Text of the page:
Our schools are the foundation of our democracy and of our future. Let’s unite to support and improve our public schools, not abandon them.

Bob Peterson is president of the Milwaukee Teachers’ Education Association. He has taught 5th grade in MPS for 30 years.

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Auer Avenue Educator Calls Out Attacks on Milwaukee Public Schools

Auer Avenue educator Ingrid Henry-Walker speaks to over 400 parents, students, educators, and community members gathered to fight the takeover of MPS (photo credit: Joe Brusky).

Auer Avenue educator Ingrid Henry-Walker speaks to over 400 parents, students, educators, and community members gathered to fight the takeover of MPS (photo credit: Joe Brusky).

Auer Avenue Elementary educator Ingrid Henry, who is also an MPS graduate and parent, delivered a powerful testimony against the undemocratic takeover of the Milwaukee Public Schools during Wednesday’s “Auer Community is NOT Your Colony!” action. Sen. Alberta Darling and Rep. Dale Kooyenga want to take away the locally controlled and accountable school board from the people of Milwaukee, while lowering teacher licensure standards for the educators teaching those students, but the people of Milwaukee are fighting back.

“The state of Wisconsin has sent a clear message to the residents of the city of Milwaukee. It has become evident that there are many that do not care for the children and families of our city. Some misguided, unfounded fear of people taking from them has finally given those in power enough leverage to destroy our city.
What do I mean by destroy? I mean cutting food aid to the elderly and children. I mean denying the people a living wage. I mean going forward with laws that will strip many of us of our right to vote. I mean closing schools with qualified teachers and replacing them with a school system that when asked if they would do the same for their struggling schools, every single politician said no.
As a teacher, I know how hard it is for children and their families who live in this city. Education is not the only thing on their mind, survival is. If those people who live in the suburbs want to help Milwaukee; they can do this, provide jobs, a living wage, dental care, health care, glasses, medication, mental health support, new schools, and transportation. Until those with the solutions listen and do what is morally right, I can’t take them seriously.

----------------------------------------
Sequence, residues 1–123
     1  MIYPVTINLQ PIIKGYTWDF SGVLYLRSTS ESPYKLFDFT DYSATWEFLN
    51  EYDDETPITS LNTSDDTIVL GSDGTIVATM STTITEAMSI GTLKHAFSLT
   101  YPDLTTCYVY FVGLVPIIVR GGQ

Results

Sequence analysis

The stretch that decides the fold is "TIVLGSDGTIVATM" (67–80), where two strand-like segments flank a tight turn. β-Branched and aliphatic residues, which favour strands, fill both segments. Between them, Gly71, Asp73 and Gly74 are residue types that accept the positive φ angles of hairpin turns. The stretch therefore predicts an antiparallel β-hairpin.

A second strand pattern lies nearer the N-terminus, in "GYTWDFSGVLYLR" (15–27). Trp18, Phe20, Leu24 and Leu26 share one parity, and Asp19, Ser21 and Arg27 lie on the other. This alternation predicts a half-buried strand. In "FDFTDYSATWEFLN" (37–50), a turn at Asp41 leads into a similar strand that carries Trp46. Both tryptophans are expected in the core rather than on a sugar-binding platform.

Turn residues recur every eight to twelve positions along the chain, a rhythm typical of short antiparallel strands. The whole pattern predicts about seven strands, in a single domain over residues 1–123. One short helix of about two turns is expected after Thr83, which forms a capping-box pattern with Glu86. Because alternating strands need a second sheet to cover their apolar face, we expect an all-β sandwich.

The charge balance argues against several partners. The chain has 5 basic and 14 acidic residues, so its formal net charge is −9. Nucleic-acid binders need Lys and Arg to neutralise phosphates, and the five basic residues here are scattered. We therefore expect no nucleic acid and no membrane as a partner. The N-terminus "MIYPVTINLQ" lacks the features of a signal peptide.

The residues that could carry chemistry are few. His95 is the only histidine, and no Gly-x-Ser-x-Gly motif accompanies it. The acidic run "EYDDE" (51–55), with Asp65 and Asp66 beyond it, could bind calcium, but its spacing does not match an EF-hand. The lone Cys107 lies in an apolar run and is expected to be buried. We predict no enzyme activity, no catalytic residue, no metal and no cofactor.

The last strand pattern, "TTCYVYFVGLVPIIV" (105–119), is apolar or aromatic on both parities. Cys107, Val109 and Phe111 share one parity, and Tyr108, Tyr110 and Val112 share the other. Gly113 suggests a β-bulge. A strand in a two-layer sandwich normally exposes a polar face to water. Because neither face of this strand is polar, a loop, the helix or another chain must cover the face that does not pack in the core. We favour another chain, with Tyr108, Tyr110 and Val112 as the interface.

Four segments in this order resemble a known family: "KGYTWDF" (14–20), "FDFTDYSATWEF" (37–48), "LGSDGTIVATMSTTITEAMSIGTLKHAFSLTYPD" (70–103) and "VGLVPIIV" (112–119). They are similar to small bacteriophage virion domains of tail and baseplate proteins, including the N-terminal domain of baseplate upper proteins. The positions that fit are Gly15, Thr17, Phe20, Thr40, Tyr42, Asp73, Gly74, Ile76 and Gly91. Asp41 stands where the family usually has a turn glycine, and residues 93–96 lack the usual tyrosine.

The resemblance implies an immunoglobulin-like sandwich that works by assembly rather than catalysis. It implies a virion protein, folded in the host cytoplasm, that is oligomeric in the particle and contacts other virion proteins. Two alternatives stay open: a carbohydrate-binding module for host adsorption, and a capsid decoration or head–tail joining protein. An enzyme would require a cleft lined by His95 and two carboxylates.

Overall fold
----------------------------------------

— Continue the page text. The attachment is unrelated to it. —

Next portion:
So I say this to politicians in Milwaukee and all over the state. I’m not compromising. You will not put into place the same legislation that destroyed Detroit. You will not put into place the same bills that bankrupted the Detroit and the New Orleans public schools. You will not follow Chicago and fire veteran teachers and teachers of color, in order to cheapen the work force. You will not sell our buildings to those looking to profit off of our children. You will not sell our children without a fight.
So as a proud MPS graduate I say to the alumni, we need you here to fight for each school. As a proud MPS parent, I say to the parents, we need you here to fight for each school. As a proud MPS teacher, I say educators we need you here to fight for each school. And as a proud citizen of the city of Milwaukee, I say Milwaukee we need each and every one of you ready to fight for each school.”

– Auer Avenue Elementary educator Ingrid Henry

Auer Avenue Educator Calls Out Attack on Milwaukee Public Schools from MTEA Union on Vimeo.

We Elected You to Fight for Us, Not Rollover!

Milwaukee resident Ingrid Walker testifies against a takeover resolution brought forth by MPS School Board President Michael Bonds.

Milwaukee resident Ingrid Walker testifies against a takeover resolution brought forth by MPS School Board President Michael Bonds.

“I am asking you to do what we elected you to do. FIGHT FOR US!”

-Angela Walker

Last Thursday’s MPS School Board hearing provided some pretty dramatic testimony. The residents of Milwaukee have been expecting some form of a school takeover bill from the Republicans in Madison, but they never thought they’d see one from their own school board.

Board president Michael Bonds brought forth a resolution, Thursday night, that aimed at placating GOP politicians in Madison. The resolution performed some of the same functions as Sen. Alberta Darling & Rep. Dale Kooyenga’s Takeover bill, in that it handed a portion of the board’s authority over to an unelected authority, in this case MPS Superintendent Dr. Darienne Driver.

Unfortunately for President Bonds, the public came out to testify against it and the measure was tabled on a 7 – 1 vote, with only Bonds voting for it. One of the many voices for maintaining strong local control through an elected and accountable school board was Milwaukee resident Angela Walker. Watch her 2-minute testimony that summed up what many in Milwaukee are feeling right now about ANY attempt to take over control of their public schools.

We Elected You to Fight for Us, Not Rollover! from MTEA Union on Vimeo.

Join us Wednesday, May 27th at Auer Avenue Elementary where we continue the defense of our publicly controlled and accountable schools and tell those seeking to take over our schools “Auer Community is NOT Your Colony!”

Auer Community is NOT Your Colony

Auer Avenue Elementary is one of the public schools targeted by the Senator Alberta Darling (R – River Hills) and Representative Dale Kooyenga’s (R – Brookfield) Milwaukee Public Schools takeover plan and a symbol of all of our under-resourced schools. Join us as we surround Auer Ave. School and let state legislators and the county executive know that AUER Community is NOT your colony!

This school defense rally will be the first in a series of citywide actions to raise public awareness of what our schools and communities are facing, and how all of our communities can join in the fight to keep democratic control of our schools. OUR SCHOOLS, OUR SOLUTIONS! Join us!

When: Wednesday, May 27th

Where: Auer Avenue Elementary (2319 W. Auer, Milwaukee, WI 53206)

When: 4:45pm